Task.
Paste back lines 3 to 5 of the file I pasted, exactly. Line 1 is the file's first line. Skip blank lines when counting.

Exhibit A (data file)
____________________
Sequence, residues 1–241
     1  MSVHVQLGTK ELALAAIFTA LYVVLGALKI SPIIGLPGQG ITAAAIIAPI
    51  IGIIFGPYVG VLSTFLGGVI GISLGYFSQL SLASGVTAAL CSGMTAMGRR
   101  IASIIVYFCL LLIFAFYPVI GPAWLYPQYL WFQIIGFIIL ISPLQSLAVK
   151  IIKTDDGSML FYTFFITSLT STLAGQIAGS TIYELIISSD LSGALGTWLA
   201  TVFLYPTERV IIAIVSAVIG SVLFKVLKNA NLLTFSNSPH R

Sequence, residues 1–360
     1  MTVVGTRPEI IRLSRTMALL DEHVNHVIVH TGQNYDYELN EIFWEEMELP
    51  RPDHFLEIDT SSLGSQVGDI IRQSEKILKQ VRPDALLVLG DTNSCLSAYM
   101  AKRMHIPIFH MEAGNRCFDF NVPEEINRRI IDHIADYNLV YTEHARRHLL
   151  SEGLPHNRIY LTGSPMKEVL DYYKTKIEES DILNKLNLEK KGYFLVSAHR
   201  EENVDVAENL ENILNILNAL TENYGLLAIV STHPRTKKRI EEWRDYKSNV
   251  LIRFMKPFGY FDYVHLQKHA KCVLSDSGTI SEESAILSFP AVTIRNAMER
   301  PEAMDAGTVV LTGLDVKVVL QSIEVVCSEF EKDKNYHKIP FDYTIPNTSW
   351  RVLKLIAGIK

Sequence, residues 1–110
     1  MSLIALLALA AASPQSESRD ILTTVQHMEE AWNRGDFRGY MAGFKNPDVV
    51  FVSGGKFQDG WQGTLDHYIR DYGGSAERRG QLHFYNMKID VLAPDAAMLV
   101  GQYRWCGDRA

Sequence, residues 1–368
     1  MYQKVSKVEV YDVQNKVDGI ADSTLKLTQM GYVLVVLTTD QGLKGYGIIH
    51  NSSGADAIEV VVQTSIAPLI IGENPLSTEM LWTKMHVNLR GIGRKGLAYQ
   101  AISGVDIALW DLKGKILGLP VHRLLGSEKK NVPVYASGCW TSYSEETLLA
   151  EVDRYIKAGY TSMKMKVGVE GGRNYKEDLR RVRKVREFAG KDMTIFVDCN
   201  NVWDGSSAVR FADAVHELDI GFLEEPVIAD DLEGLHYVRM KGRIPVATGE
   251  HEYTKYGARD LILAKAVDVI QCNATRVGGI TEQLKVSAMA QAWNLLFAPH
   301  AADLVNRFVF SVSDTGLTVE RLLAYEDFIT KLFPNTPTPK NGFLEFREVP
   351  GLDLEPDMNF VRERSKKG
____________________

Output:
    51  IGIIFGPYVG VLSTFLGGVI GISLGYFSQL SLASGVTAAL CSGMTAMGRR
   101  IASIIVYFCL LLIFAFYPVI GPAWLYPQYL WFQIIGFIIL ISPLQSLAVK
   151  IIKTDDGSML FYTFFITSLT STLAGQIAGS TIYELIISSD LSGALGTWLA